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Wednesday, March 20, 2013 - 11:41am

Redistricting Issues Linger

Updated: 1 year ago.
The state Senate tabled a bill Wednesday that would change the makeup of the Fulton County Commission. Democrats argue the measure is part of a wider GOP effort to assert more control over districts with predominantly black voters.

The state Senate tabled a bill Wednesday that would change the makeup of the Fulton County Commission. Democrats argue the measure is part of a wider GOP effort to assert more control over districts with predominantly black voters.

Despite tabling it for the day, the Senate will take up the bill along with other measures aimed at changing Fulton County’s voting districts.

The bill would remove one county-wide seat, and replace it with a district that’s majority white.

Sen. Vincent Fort is an Atlanta Democrat. He says a bill such as this one is distracting lawmakers from more pressing concerns such as ethics legislation.

But he says it’s problematic for other reasons, too.

“If this redistricting bill passes, we are going to beat a path either to the federal court and/or the Department of Justice," he said in an interview. "We think this would be violative of the Voting Rights of 1965.”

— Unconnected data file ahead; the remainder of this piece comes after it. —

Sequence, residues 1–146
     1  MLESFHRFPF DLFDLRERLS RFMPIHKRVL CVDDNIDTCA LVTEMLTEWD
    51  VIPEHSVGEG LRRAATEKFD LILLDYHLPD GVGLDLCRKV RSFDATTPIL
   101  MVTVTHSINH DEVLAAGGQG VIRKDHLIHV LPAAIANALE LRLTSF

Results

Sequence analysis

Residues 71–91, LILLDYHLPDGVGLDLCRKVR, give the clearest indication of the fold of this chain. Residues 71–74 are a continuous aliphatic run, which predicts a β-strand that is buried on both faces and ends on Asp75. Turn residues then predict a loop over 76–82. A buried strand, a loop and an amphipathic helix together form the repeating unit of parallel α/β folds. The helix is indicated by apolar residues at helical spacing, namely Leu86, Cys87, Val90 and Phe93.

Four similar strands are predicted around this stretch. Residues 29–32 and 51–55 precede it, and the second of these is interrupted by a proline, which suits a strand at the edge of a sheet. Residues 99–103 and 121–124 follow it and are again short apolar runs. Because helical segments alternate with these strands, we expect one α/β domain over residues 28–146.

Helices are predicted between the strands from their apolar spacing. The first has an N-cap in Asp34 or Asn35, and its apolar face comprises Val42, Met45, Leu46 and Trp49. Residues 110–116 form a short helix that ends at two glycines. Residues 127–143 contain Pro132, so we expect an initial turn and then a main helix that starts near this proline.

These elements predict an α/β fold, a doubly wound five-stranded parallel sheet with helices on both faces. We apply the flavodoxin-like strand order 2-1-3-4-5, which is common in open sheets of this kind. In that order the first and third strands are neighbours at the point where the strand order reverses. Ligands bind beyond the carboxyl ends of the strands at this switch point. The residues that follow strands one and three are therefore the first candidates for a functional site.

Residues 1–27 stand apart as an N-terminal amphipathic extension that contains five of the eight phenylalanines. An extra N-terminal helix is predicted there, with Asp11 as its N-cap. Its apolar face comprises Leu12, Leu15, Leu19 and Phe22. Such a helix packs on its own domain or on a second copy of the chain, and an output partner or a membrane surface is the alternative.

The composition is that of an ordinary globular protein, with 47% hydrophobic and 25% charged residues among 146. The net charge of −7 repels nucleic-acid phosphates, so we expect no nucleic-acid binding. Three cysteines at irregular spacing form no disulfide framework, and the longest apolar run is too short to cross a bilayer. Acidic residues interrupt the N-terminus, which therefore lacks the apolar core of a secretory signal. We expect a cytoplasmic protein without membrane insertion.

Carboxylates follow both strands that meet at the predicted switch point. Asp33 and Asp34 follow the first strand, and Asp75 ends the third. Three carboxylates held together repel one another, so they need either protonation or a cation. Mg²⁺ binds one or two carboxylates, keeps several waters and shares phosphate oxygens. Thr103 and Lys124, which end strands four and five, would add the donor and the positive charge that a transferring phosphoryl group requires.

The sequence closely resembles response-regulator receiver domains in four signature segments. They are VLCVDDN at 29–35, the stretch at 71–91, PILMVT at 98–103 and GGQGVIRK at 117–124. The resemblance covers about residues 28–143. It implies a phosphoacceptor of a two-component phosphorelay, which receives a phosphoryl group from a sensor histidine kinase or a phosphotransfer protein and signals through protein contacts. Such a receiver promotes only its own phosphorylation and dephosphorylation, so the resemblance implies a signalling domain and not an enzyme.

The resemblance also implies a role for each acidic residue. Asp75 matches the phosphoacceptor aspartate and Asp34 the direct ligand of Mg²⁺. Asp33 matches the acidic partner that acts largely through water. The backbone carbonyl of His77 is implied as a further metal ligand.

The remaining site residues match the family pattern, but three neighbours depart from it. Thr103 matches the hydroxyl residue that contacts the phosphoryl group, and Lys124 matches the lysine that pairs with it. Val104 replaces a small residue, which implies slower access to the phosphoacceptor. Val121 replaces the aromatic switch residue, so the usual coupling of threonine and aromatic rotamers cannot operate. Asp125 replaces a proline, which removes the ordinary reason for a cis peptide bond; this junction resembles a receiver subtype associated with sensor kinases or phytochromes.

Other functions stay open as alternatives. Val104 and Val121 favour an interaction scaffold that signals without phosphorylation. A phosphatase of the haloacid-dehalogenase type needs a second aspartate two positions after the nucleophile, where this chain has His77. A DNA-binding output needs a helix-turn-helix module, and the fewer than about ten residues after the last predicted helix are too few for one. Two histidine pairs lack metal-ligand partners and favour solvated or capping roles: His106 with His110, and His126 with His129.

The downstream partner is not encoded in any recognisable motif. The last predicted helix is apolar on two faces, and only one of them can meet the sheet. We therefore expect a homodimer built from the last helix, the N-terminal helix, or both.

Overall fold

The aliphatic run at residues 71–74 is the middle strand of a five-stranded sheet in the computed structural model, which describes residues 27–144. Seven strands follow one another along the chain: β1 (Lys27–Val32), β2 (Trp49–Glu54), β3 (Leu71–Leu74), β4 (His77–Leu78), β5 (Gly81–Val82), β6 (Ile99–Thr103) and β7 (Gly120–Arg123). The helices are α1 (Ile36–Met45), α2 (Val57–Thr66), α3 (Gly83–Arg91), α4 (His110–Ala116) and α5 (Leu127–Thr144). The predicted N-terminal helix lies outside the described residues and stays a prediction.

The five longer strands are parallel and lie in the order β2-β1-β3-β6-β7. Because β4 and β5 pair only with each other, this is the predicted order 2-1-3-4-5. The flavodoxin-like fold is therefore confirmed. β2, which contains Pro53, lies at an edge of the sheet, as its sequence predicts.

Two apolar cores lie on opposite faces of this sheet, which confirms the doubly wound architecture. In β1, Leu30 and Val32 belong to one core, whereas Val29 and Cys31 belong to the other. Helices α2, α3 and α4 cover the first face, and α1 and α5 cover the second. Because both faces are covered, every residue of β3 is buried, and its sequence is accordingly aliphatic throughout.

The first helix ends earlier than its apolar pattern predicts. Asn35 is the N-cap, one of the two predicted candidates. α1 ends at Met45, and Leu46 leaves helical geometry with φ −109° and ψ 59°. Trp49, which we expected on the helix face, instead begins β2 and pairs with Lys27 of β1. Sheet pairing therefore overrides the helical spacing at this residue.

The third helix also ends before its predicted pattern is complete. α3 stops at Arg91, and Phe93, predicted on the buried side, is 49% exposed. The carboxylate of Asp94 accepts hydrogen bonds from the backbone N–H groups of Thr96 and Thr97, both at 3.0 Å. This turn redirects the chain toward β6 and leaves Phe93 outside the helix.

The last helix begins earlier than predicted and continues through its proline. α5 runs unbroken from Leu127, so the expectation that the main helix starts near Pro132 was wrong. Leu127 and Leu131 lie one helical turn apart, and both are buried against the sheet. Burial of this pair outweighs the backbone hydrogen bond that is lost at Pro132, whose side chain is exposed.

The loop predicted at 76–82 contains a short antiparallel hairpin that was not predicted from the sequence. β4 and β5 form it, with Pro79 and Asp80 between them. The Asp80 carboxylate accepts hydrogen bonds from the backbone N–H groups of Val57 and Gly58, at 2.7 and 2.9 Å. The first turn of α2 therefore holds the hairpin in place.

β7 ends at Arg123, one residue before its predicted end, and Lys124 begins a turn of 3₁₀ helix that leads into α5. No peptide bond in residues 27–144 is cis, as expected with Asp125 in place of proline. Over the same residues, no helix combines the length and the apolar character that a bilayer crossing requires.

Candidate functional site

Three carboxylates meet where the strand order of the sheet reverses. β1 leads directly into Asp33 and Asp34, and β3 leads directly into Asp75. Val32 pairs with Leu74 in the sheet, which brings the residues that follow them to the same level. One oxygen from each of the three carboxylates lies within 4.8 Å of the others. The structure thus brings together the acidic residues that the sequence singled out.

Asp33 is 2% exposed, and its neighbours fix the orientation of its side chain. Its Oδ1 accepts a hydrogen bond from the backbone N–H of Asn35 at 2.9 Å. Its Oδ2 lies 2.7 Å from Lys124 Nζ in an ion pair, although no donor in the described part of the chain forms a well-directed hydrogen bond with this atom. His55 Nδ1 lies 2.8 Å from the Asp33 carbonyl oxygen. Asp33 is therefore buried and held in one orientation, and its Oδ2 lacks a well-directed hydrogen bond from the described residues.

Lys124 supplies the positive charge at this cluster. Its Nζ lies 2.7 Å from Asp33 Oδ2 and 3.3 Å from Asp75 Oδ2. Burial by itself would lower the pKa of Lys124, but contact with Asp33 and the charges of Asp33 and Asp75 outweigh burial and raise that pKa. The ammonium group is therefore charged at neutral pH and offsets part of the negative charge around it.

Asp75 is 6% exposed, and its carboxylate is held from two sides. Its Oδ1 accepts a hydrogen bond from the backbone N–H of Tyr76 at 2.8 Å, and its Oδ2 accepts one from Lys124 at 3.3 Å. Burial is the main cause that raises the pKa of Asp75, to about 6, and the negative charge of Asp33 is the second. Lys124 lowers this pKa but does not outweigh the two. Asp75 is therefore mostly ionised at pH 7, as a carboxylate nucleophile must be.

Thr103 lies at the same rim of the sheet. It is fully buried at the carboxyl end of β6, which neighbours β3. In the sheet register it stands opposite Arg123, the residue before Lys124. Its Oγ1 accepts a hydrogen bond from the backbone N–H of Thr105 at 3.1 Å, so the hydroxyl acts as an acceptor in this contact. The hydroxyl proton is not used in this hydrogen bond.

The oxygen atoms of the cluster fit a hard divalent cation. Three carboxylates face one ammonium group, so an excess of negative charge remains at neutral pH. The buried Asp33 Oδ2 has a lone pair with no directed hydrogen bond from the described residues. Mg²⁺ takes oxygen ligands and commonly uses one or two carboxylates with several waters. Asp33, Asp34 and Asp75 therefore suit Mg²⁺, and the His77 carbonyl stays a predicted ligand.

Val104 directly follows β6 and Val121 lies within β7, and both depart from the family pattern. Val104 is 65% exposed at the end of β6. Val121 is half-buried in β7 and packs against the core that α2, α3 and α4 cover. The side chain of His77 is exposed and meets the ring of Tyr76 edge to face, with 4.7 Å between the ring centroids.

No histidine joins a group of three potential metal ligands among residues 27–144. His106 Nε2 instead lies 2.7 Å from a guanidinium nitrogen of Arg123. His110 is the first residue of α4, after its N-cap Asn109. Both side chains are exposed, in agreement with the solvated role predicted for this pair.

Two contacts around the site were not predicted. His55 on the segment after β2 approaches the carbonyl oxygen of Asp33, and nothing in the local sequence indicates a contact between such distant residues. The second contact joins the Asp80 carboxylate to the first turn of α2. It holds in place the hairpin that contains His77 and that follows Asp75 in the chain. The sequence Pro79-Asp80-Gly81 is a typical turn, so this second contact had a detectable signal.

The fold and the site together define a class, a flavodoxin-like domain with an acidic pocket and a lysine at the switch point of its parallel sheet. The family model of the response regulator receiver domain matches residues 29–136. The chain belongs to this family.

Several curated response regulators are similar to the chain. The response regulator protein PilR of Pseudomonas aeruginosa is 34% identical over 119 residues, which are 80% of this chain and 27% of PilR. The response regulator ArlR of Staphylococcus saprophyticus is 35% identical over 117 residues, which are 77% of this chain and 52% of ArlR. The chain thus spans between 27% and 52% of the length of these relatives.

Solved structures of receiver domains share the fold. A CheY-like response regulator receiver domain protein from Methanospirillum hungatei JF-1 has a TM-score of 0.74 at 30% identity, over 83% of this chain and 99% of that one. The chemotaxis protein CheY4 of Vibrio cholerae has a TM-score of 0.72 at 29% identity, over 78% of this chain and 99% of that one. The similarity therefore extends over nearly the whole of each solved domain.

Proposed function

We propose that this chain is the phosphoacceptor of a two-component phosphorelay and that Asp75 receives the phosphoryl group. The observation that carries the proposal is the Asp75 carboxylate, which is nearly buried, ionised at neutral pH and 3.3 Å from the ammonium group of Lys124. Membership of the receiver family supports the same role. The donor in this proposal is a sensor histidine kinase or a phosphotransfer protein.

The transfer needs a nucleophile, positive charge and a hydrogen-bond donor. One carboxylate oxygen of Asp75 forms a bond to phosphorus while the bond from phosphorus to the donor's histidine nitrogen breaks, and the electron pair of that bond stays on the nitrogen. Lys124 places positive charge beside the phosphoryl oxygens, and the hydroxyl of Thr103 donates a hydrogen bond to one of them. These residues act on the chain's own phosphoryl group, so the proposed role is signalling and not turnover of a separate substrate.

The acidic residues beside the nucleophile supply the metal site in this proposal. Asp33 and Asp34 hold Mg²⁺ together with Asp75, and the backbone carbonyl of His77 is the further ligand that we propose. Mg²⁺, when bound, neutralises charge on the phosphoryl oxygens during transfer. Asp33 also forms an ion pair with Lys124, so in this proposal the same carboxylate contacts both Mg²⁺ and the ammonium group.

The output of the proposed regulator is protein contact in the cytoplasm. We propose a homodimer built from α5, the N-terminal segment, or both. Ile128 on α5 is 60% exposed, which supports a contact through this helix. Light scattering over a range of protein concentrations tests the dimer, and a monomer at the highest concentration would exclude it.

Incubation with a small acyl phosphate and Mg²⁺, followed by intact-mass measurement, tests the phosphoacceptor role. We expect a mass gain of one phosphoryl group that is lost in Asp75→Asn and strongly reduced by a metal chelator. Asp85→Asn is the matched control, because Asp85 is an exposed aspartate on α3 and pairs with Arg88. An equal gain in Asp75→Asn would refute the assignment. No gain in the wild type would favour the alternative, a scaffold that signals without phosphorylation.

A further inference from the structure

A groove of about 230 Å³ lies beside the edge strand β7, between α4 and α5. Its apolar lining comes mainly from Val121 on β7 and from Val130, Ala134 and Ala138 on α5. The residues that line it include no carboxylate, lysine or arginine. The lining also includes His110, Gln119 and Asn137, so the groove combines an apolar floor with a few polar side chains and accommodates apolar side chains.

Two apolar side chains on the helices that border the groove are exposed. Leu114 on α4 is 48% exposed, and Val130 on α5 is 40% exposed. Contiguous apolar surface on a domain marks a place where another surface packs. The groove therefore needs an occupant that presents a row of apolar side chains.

That law requires Georgia to gain approval for changes to election districts to ensure they don’t dilute minority voting strength.

Fort also says Atlanta isn't the only target.

Rep. Allen Peake drafted bills that would make Macon municipal elections nonpartisan, which some say would disenfranchise black voters. The Macon Republican dismisses the Democrats’ complaints as sour grapes.

“For years, when the Democrats had the majority of the local delegations, they did whatever they wanted to do," he said in an interview. "Well, now, that the tide has turned a little bit and Republicans hold the majority in these local delegations, they want to cry foul every time we want to move an agenda forward.”

Peake’s nonpartisan election bills have cleared the legislature, and are awaiting approval by the U.S. Department of Justice.

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